Russia’s dispatch of military forces to Crimea is a clear violation of international law. Putin justifies the invasion as necessary to protect Russian citizens and allies, but this is a fig leaf. The Obama administration is right to condemn it, although much of the world will grimace at the irony of Secretary Kerry denouncing the invasion of a sovereign country even as the United States only now winds down its “war of choice” against Iraq, which is thousands of miles away from US borders. Crimea, of course, not only abuts Russia but houses its Black Sea Fleet, which, by treaty agreement between Ukraine and Russia, is set to remain there until at least 2042. Crimea historically was part of Russia until 1954, when Soviet leader Nikita Khrushchev transferred it to Ukraine in what many viewed as a gesture of good will.
Viktor Yanukovych was corrupt and unpopular, but he was the democratically elected president of Ukraine. He had been steering the country toward an association agreement with the European Union last fall when he reversed course after Russia offered $15 billion in financial aid to the all-but-bankrupt country. That led to the street demonstrations—spurred in part by the EU and the United States—that eventually sent Yanukovych packing.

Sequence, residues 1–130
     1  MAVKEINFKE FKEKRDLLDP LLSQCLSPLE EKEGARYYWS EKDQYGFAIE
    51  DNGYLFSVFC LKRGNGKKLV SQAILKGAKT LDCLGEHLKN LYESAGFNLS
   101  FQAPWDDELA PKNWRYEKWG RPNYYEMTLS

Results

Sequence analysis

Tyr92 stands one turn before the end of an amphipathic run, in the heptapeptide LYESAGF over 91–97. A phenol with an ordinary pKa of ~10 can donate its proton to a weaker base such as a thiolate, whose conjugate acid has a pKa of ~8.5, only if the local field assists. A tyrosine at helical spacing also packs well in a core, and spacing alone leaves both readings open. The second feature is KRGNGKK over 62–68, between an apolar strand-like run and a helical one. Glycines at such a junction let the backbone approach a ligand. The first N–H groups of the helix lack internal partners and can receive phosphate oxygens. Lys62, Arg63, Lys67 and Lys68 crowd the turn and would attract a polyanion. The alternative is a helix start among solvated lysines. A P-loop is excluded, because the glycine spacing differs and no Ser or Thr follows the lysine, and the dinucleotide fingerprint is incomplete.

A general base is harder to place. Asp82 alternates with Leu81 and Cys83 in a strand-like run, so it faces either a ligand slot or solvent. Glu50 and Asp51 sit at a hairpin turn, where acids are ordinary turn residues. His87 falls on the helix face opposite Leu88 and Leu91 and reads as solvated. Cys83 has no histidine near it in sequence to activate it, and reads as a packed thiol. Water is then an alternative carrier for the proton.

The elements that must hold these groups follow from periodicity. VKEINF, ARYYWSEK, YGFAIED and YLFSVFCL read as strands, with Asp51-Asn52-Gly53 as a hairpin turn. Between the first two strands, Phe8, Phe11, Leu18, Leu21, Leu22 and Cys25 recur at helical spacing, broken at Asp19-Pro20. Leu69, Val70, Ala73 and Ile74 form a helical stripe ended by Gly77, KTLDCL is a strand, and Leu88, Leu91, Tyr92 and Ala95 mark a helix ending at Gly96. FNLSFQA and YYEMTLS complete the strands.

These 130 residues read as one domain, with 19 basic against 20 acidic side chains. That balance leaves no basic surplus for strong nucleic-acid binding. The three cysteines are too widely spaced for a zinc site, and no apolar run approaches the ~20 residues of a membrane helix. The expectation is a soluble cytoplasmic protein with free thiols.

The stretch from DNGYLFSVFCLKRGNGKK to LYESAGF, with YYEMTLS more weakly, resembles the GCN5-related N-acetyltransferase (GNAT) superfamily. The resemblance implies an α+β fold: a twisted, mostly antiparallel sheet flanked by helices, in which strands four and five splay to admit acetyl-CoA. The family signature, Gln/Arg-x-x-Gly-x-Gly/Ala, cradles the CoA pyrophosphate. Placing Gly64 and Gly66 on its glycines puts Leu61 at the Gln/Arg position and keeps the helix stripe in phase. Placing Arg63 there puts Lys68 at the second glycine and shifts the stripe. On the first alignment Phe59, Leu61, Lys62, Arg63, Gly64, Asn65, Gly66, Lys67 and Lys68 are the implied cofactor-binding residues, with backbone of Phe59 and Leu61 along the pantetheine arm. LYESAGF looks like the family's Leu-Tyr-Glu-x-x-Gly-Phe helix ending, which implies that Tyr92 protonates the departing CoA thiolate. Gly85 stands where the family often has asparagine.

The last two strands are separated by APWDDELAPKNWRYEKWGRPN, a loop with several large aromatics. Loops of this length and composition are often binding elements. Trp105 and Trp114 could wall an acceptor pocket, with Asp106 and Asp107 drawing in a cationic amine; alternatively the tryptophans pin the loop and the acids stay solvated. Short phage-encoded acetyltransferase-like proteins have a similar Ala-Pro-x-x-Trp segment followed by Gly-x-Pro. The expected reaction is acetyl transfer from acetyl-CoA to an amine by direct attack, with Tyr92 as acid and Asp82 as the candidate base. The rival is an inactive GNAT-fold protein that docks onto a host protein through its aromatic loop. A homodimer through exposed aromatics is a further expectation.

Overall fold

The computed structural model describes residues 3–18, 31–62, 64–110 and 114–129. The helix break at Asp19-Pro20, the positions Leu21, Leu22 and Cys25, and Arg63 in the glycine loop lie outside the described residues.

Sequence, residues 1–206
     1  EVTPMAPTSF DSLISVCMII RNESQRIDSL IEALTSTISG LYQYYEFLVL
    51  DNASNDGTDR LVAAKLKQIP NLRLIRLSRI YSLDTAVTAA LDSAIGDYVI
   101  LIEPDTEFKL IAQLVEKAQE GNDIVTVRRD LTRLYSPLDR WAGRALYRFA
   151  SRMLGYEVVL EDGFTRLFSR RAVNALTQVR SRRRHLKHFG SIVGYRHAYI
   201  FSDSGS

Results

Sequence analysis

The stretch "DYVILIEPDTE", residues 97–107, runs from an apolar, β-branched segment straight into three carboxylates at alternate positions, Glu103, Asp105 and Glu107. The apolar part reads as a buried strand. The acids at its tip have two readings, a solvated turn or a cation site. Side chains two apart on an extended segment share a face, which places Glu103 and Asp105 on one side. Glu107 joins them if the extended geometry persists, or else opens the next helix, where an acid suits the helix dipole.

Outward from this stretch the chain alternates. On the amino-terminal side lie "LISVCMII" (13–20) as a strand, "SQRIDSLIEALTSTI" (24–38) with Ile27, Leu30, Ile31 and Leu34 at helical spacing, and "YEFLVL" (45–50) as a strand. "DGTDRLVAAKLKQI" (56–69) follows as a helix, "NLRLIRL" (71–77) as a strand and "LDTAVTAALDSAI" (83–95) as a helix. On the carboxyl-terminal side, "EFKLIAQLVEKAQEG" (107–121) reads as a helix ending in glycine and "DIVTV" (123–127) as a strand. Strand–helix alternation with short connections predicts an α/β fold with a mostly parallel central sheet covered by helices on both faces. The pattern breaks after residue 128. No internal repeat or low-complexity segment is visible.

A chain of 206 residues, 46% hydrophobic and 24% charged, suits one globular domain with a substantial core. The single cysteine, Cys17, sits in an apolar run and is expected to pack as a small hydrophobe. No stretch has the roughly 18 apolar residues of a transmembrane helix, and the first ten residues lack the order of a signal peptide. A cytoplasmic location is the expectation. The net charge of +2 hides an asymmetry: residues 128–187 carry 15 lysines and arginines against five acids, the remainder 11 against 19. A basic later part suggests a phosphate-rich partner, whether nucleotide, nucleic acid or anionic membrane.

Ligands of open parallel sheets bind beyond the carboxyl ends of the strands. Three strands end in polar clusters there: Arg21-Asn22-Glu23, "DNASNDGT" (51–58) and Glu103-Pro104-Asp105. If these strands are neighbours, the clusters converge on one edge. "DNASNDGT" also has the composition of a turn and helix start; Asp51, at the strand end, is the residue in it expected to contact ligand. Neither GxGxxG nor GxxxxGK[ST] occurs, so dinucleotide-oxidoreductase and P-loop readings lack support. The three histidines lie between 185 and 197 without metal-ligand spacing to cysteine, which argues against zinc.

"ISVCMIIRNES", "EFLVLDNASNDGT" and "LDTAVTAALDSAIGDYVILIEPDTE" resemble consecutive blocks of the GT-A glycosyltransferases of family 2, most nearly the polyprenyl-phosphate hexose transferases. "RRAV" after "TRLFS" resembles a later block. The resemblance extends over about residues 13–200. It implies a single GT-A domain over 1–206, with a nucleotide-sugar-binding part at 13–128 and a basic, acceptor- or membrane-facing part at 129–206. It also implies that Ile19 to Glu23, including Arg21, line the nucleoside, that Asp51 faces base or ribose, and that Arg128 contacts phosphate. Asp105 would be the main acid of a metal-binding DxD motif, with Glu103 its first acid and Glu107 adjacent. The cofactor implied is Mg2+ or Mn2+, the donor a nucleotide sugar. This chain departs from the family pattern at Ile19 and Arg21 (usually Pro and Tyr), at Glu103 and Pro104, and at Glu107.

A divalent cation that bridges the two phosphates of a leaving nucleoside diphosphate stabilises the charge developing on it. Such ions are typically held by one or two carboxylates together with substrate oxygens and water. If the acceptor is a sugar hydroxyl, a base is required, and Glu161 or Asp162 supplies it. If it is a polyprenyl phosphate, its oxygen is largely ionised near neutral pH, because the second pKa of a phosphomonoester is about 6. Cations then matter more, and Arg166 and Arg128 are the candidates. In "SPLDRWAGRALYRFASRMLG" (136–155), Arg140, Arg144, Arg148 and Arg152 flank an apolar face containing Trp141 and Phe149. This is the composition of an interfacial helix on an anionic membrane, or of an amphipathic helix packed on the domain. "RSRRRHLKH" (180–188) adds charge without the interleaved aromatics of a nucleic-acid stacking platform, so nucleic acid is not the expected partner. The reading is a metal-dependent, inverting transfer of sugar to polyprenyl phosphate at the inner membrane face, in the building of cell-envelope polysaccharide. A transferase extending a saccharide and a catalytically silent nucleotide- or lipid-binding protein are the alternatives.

Ukraine is deeply divided. As David Speedie, director of the US global engagement program at the Carnegie Council for Ethics in International Affairs, says, “In simple terms, half the people in Ukraine look to Russia and the other half look to the West.” As Nicolai Petro details in his March 3 report at TheNation.com, the new leaders in Kiev include right-wing ultranationalists who, in one of their first acts, repealed the 2012 law allowing Russian and other minority languages to be used locally. (That measure was reversed, but not before arousing deep mistrust and fear in semiautonomous Crimea and many other parts of eastern and southern Ukraine, which are populated largely by Russian speakers.) It is also worth noting that one party in the new government, holding key cabinet posts as well as central leadership positions in Parliament and law enforcement, is Svoboda, which the European Parliament has condemned for its “racist, anti-Semitic and xenophobic views.” Even further to the right is the neofascist Right Sector, which dominates the Maidan, or Independence Square, the heart of the rebellion, which has refused to disband and exerts significant influence over the new regime’s policies.